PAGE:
Boris Island fails to make Airports Commission shortlist

Blow for the Mayor of London as his proposal of a Thames Estuary airport is excluded as "there are too many uncertainties and challenges".

The interim report of the government's Airports Commission has just been released and it's ensured a bad start to Boris Johnson's morning. The commission, chaired by Howard Davies, shortlists Heathrow and Gatwick as possibilites for aviation expansion but leaves out Johnson's proposal of a new airport on an artifical island in the Thames Estuary ("Boris Island") as "there are too many uncertainties and challenges". 

While the report promises "further study" of his more recent suggestion of an airport on the Isle of Grain, in north Kent, this is an unambiguous snub to the Mayor. The commission warns that all of his proposals would be "extremely expensive", with the cost of an Isle of Grain airport (described as "the most viable of those presented") around five times that of the three short-listed options at up to £112bn.

It adds that they would "present major environmental issues, especially around impacts on protected sites" and that "the new surface access infrastructure required would be very substantial, with potential cost, deliverability and environmental challenges of its own". Finally, "the overall balance of economic impacts would be uncertain – particularly as an Estuary airport would require the closure of Heathrow for commercial reasons and London City for airspace reasons." 

The three options that have been shortlisted are a new runway at Gatwick, a third runway at Heathrow and an extended runway at Heathrow. The final report won't be published until the summer of 2015, after the general election, so expect the Tories and Labour, as in the case of tuition fees in 2010, to maintain a conspiracy of silence throughout the campaign. 

Here's the key extract from the release: 

The Airports Commission’s interim report published today (17 December 2013) has announced that it will be taking forward for further detailed study proposals for new runways at two locations:

  • Gatwick Airport
    • Gatwick Airport Ltd’s proposal for a new runway to the south of the existing runway
  • Heathrow Airport (two options)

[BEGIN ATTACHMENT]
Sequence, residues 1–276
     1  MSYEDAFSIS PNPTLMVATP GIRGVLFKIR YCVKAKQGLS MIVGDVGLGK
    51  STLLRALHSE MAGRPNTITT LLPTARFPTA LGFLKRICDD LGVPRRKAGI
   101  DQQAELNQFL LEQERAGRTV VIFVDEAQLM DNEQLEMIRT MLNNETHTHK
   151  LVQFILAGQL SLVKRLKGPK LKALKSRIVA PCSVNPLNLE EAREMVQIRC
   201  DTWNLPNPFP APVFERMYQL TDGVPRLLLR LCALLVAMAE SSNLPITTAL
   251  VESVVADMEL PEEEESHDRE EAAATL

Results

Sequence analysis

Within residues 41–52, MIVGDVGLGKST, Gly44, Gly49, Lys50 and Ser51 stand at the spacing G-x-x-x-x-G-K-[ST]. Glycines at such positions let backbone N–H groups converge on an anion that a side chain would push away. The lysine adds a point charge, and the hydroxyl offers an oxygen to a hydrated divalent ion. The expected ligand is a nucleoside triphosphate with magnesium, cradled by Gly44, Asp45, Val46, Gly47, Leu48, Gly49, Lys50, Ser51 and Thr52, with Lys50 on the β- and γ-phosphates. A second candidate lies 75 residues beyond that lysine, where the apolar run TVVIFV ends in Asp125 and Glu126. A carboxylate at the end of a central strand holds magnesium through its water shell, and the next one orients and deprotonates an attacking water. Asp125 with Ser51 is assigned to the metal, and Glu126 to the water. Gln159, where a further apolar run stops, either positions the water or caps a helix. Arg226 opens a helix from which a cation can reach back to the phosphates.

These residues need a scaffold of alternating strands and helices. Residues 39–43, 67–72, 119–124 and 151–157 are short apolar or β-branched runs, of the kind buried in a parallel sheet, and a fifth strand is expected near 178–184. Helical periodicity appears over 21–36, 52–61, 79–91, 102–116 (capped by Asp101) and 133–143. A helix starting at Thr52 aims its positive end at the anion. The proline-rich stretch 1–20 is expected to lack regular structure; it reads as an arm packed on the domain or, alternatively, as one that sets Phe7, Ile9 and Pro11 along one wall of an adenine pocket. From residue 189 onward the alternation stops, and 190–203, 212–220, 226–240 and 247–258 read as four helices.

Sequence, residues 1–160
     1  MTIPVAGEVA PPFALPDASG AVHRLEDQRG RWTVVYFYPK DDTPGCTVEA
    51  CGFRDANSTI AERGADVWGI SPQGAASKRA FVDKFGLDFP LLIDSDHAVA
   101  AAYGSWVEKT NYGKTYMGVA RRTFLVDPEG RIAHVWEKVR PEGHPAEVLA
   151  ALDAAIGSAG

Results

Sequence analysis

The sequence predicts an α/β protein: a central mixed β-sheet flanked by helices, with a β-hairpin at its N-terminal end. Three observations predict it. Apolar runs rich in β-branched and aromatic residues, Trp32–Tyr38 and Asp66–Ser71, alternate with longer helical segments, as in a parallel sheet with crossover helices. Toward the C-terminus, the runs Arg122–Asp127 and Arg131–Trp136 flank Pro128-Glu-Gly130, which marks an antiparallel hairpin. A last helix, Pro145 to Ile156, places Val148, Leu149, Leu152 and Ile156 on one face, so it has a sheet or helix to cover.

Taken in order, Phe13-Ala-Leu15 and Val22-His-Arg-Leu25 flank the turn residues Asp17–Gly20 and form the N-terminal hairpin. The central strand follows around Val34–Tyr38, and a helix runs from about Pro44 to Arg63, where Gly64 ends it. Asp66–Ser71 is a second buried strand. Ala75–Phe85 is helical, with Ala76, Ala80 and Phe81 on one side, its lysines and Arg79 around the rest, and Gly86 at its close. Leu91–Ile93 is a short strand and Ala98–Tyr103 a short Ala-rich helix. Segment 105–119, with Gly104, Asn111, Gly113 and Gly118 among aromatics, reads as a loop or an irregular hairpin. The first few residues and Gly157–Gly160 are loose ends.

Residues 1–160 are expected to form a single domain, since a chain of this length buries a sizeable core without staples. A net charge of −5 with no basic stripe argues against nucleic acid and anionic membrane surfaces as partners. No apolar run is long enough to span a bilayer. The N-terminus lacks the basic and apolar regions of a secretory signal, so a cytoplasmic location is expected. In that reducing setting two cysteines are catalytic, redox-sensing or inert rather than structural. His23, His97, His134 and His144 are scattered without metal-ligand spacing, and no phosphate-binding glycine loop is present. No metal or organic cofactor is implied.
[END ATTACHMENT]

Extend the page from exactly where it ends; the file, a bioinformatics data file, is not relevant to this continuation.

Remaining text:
• Heathrow Airport Ltd’s proposal for one new 3,500m runway to the northwest
  • Heathrow Hub’s proposal to extend the existing northern runway to at least 6,000m, enabling the extended runway to operate as two independent runways.

The next phase of its work will see the Commission undertaking a detailed appraisal of the three options identified before a public consultation in autumn next year.

The Commission has not shortlisted any of the Thames Estuary options because there are too many uncertainties and challenges surrounding them at this stage. It will undertake further study of the Isle of Grain option in the first half of 2014 and will reach a view later next year on whether that option offers a credible proposal for consideration alongside the other short-listed options.

The Commission has not shortlisted proposals for expansion at Stansted or Birmingham, however, there is likely to be a case for considering them as potential options for any second new runway by 2050. In its final report the Commission will set out its recommendations on the process for decision making on additional capacity beyond 2030.

Boris Johnson attends a protest calling for no third runway to be built at Heathrow airport on April 27, 2013 in London. Photograph: Getty Images.

George Eaton is political editor of the New Statesman.

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The Brexit Beartraps, #2: Could dropping out of the open skies agreement cancel your holiday?

Flying to Europe is about to get a lot more difficult.

So what is it this time, eh? Brexit is going to wipe out every banana planet on the entire planet? Brexit will get the Last Night of the Proms cancelled? Brexit will bring about World War Three?

To be honest, I think we’re pretty well covered already on that last score, but no, this week it’s nothing so terrifying. It’s just that Brexit might get your holiday cancelled.

What are you blithering about now?

Well, only if you want to holiday in Europe, I suppose. If you’re going to Blackpool you’ll be fine. Or Pakistan, according to some people...

You’re making this up.

I’m honestly not, though we can’t entirely rule out the possibility somebody is. Last month Michael O’Leary, the Ryanair boss who attracts headlines the way certain other things attract flies, warned that, “There is a real prospect... that there are going to be no flights between the UK and Europe for a period of weeks, months beyond March 2019... We will be cancelling people’s holidays for summer of 2019.”

He’s just trying to block Brexit, the bloody saboteur.

Well, yes, he’s been quite explicit about that, and says we should just ignore the referendum result. Honestly, he’s so Remainiac he makes me look like Dan Hannan.

But he’s not wrong that there are issues: please fasten your seatbelt, and brace yourself for some turbulence.

Not so long ago, aviation was a very national sort of a business: many of the big airports were owned by nation states, and the airline industry was dominated by the state-backed national flag carriers (British Airways, Air France and so on). Since governments set airline regulations too, that meant those airlines were given all sorts of competitive advantages in their own country, and pretty much everyone faced barriers to entry in others.